I remember when I first realised that music could be fulfilling. This was at a Christmas concert in our chapel when I was about ten or eleven. A young girl of eighteen sang a solo, a Christmas hymn, and it was beautiful; I met her again many years later, and she too remembered the occasion. A few years later I joined the local male voice choir, and then a large mixed choir singing magnificent works like Verdi’s Requiem. And ultimately I wound down my choral activities with the Chipperfield choir, still singing great religious works. Singing in these choirs was a great joy to me, surrounded as I was by all this lovely sound.
After a married life in which attending operatic performances played a crucial role, I have now turned more to orchestral music. It was a great delight recently to see a TV programme about Sibelius and his symphonies, which I had never heard before. I just sat and let the music pour over me. Long may it continue to be so.
Libya – February 2009
This was a brilliantly successful venture, well organised in all respects. There were 22 people on the tour, four singles and nine couples, a very nice bunch, with no doubt a high proportion of Guardian readers. Word seemed to have gone round that one member of the party was a deaf old man, who might need a bit of support. True enough, when it came to steep scrambling, or climbing out of an amphitheatre, there always seemed to be someone on hand in case I needed help. Not that I ever did, but it was nice to know. Also, when any announcement had been made, there was usually someone making sure I had heard it properly.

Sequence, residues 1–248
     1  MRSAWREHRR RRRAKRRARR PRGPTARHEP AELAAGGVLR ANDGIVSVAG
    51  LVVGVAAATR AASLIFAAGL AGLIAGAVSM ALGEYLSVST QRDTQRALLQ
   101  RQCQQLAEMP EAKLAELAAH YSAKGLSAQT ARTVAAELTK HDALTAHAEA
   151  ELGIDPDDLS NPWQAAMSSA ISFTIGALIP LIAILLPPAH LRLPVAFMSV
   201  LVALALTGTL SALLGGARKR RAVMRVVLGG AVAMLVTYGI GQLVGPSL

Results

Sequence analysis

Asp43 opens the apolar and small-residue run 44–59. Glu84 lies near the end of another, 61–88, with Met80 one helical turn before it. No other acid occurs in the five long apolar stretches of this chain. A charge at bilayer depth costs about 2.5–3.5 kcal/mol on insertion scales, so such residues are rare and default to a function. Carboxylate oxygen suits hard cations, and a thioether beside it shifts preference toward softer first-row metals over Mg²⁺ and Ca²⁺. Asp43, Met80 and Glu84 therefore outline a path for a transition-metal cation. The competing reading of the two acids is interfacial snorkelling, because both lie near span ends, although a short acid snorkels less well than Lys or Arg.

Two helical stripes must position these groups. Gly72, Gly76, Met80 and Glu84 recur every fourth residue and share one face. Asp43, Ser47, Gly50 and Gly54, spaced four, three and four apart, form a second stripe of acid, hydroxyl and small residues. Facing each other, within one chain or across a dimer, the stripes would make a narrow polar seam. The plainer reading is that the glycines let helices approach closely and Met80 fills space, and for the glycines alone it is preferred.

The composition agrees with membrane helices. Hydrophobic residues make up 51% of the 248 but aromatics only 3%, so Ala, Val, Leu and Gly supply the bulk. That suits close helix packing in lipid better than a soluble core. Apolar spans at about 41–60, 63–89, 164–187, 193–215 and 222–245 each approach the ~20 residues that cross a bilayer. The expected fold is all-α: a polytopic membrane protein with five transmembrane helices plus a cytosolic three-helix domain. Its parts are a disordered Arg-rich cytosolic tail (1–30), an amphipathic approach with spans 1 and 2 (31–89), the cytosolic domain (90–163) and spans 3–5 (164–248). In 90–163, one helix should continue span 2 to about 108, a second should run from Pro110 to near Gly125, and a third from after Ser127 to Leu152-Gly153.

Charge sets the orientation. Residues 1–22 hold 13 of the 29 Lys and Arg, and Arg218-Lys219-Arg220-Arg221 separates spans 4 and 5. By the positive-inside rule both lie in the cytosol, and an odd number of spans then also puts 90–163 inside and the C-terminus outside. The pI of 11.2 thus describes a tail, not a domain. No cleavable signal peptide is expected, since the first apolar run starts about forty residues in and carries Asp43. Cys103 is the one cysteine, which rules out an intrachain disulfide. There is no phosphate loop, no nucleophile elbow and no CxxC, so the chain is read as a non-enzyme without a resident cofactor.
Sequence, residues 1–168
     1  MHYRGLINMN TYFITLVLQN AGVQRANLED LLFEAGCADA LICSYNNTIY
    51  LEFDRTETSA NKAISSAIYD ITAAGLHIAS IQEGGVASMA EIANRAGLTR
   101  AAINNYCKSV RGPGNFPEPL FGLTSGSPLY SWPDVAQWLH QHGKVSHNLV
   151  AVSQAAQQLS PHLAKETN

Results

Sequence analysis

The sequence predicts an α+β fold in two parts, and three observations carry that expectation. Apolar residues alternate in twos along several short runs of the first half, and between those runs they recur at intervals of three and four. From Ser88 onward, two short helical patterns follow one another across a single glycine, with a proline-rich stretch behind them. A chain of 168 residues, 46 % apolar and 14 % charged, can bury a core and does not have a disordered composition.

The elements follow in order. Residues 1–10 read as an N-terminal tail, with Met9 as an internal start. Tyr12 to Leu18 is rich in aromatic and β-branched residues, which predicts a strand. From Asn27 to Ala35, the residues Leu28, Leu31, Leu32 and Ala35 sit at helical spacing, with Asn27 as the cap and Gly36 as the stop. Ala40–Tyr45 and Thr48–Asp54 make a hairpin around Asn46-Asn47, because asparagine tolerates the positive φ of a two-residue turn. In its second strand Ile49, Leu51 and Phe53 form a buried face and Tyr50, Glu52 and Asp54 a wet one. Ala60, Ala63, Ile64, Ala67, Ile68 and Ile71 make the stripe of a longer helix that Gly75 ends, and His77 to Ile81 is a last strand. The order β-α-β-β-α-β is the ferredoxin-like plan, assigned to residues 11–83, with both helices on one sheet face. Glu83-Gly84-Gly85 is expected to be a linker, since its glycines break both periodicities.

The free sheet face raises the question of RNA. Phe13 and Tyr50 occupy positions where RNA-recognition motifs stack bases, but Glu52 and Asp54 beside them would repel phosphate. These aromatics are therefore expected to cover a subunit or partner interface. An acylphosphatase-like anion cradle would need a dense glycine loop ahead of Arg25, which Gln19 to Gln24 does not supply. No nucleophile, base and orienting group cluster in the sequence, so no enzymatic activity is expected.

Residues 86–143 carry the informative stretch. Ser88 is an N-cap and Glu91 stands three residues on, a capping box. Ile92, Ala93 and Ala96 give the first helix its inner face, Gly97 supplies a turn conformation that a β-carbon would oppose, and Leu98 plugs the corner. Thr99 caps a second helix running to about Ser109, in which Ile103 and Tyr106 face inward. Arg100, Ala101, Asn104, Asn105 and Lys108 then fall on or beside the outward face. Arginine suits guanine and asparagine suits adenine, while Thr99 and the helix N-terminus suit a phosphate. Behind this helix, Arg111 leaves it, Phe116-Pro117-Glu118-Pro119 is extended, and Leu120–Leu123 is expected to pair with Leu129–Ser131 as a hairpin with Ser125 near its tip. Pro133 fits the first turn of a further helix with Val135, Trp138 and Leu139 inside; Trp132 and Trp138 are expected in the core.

The hotels were good, but the food was very ordinary. We learnt to avoid lamb and camel, and stick to chicken or fish. Their meat, especially camel, is really tough. I was quite impressed with Libya. For all his alleged faults, Gaddafi seems to run a happy country. The people are, I think, the most courteous locals I have ever met, often coming forward to help us to cross a road carrying four lanes of traffic. It is noticeable that maintenance of roads and pavements does not come high on their list of priorities. After heavy rain the whole place is awash with puddles, rather like Abbots Langley High Street, only more so.
The first site visited was at Sabrarta, to the west of Tripoli. There was an immediate sense of history as the site unfolded. Sabrarta was a port used by the Romans for trading with Central Africa, and was built on a site gradually sloping down to the sea. I was enchanted by the deep blue sky and dark blue sea (wine-dark?), and seeing the waves breaking over the remains of the harbour wall out to sea. It was beautiful, and a great start to the tour.
After a flight to Benghazi we went east to Tocra (Tukra or Teucheira), which was disappointing, partly because the local guide was inarticulate. There was an impressive necropolis and some glorious surf pounding on the beach. We went on to Ptolemais, with the same inarticulate guide.
The next day was spent at Cyrene, the oldest and most important of five Greek cities in the region of Cyrenaica. This was my favourite site on the tour. It was built on several levels, starting quite high among towering cliffs, and descending by a series of steep tracks down to the sea. I think I liked it particularly for its dramatic setting. The next day we walked from our hotel in Appolonia (which was the port for Cyrene) to explore the local ruins, but this bit was cut short by a howling, freezing rainstorm, after which we flew back to Tripoli.
The next two days were occupied at Leptis Magna. It’s immense, breathtakingly so, both in sheer size, but also in the majesty of so many of the buildings. Wow! about sums it up. Apparently the Palace of Versailles was largely built with looted material from Leptis Magna. The guide went on to say: “And the French weren’t the only ones”, as our thoughts strayed to Virginia Water.
On the final day, we had a tour of Tripoli, including the impressive museum, presided over by an immense portrait of Gaddafi.
The Green Thing